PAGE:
Is documentation important? Are we doing enough about the content?

TL;DR - I think we are not doing enough.


I want to open a discussion about documentation and what is important to the community and I see no other place to do that. You can comment but mostly, I would like people to think about these things. And think about what can be done and should be done. And who can do them.

I have worked in the docs team for 2 years. I think we have made some good improvements, but overall the content is not in good shape. I think some of the new pages or chapters are quite good but a general structure is missing and some manuals have not been touched in over a year (or in years) and are frankly in very bad shape. These not so good documentation pages are not just a problem by themselves but also ruin the general impression people get from the docs and causes frustration and demotivation for the people working on them. Also, there is no way for new people to tell if a documentation or Wiki page is outdated.

There is no process or workflow for reviewing the manuals.

There is little coordination. No sprints.

Also, there are very few people reviewing and merging. I am not willing to do this any longer. So currently, there is 1 person left for reviewing and merging.

And then, there is also the Wiki …

To be honest, the documentation content (still) feels like years of neglect even though a few people have been working really hard and doing a great job improving things. But it seems all the effort is like a drop in the bucket. So, why is that?

When I talk about these things I sometimes get answers like:

If it (documentation) were important to people, they would do something about it.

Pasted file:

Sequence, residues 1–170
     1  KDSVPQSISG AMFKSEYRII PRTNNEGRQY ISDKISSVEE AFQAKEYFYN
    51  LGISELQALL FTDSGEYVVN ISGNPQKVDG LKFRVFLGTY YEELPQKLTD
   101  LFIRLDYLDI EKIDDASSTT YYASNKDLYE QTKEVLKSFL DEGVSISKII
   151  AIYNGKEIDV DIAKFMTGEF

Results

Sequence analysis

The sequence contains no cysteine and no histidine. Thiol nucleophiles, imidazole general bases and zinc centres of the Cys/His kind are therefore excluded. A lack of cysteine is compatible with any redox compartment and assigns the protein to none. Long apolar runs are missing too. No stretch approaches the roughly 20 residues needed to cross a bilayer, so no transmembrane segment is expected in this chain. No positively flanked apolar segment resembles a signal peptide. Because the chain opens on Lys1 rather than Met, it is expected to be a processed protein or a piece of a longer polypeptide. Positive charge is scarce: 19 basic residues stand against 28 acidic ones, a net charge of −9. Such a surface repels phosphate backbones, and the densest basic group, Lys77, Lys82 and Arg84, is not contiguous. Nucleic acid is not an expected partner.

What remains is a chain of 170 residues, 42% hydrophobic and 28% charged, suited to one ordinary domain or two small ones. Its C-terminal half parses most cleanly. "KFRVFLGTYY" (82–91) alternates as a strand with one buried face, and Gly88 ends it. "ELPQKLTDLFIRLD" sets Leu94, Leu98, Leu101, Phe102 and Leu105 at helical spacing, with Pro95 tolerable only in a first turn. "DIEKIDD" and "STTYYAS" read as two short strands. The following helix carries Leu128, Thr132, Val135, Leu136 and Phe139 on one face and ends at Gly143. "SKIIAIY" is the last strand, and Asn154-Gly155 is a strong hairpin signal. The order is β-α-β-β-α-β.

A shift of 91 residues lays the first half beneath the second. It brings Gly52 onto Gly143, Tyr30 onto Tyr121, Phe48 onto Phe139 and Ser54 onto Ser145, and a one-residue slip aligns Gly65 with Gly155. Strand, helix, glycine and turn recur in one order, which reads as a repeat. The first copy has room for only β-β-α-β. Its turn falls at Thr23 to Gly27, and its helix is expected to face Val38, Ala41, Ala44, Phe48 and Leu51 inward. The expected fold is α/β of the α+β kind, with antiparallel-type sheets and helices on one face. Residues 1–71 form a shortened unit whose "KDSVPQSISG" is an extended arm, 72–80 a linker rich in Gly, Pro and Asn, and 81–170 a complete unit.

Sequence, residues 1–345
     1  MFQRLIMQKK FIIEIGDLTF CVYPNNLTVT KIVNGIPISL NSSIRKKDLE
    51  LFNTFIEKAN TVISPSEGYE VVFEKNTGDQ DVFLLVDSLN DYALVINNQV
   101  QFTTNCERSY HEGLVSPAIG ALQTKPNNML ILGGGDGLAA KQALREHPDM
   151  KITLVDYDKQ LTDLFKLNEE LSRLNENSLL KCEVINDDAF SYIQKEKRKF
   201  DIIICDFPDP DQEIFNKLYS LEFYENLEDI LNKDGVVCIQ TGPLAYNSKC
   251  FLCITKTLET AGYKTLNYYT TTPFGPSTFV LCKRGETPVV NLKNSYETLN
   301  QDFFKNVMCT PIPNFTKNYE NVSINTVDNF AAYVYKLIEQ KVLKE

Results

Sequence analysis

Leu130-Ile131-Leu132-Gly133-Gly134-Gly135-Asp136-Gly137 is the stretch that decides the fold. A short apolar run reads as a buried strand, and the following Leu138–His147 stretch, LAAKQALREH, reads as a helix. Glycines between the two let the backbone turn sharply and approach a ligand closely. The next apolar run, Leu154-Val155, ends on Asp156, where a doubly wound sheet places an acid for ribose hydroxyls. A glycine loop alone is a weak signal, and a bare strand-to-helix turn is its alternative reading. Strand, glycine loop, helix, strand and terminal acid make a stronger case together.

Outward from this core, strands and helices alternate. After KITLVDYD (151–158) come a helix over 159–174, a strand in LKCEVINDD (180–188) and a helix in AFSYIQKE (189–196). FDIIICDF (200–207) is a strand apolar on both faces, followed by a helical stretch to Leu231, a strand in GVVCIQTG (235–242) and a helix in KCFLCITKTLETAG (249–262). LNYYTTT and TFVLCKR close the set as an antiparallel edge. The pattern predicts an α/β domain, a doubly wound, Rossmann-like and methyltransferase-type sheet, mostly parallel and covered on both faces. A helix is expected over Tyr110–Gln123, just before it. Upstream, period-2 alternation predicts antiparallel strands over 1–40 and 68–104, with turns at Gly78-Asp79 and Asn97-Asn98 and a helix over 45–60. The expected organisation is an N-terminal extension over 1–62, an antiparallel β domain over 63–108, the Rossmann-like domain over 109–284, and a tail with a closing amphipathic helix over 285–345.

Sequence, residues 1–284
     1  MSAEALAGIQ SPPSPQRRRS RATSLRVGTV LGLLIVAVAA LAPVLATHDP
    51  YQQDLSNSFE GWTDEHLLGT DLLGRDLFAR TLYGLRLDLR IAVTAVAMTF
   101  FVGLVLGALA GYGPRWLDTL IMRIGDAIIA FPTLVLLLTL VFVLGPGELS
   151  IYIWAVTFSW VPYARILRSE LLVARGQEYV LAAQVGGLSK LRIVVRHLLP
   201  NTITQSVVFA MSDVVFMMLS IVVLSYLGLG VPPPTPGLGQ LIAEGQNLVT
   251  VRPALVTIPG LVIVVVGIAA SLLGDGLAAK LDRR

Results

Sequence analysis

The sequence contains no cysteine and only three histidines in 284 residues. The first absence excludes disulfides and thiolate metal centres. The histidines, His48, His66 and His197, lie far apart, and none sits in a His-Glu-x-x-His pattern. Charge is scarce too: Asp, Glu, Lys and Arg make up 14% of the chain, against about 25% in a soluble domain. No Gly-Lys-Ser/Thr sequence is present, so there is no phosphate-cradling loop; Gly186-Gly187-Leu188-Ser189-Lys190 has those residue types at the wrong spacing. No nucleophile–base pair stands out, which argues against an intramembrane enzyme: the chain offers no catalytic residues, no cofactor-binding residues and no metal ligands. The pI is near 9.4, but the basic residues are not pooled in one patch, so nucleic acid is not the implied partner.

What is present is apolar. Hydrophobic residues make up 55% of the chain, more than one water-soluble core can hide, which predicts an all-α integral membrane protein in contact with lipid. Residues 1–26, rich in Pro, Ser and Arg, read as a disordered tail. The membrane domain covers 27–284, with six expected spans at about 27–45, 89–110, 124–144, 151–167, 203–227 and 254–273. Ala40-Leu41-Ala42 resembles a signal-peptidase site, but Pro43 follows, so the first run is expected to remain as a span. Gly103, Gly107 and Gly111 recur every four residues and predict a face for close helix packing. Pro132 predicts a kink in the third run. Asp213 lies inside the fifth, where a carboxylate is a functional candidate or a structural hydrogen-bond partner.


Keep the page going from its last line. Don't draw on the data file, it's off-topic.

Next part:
So is it? Is documentation important?

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Especially the wiki is full of very outdated and misleading content for newcomers, so I suggest to remove it.
The Extbase and Fluid documentation as well is heavily outdated and full of misleading things. I’ll take a deeper look into that one, once TYPO3 10.4 is out.

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Thanks for bringing it up! Yes documentation is absolutely a very important thing and there have been great changes in the last year’s.

What I miss:

  • removal of wiki
  • better structure in core api, e.g the xliff and crowdin changes are not really on correct place or maybe there are?

I especially thank you and Daniel for your work. If it is about too less appreciation by the association, eg funding, I am sure we can figure something out.

My question: who is currently the team lead and what is her/his opinion. How much money has been spend on what?

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There is some kind of saying we all know: “Everyone hates documentation.” - i.e. to state it properly - nobody loves doing it. This is true as soon as there are “huge” barriers to do so. As the lead of the form initiative I have spent hundreds of hours working on the docs and I am not satisfied at all. Most of the time I am struggling with the setup arround it, wasting precious time, not being able to get the job done. I see the biggest problem in using the restructure text format. It feels a little bittle like TypoScript. I do not know a single project were RST is used. And it does not even fullfil the requirements. We have to do a lot of tasks manually when it comes to generate some technical documentation out of the YAML files. Till now, nonody knows an answer and it seems like writing an own script to do the trick.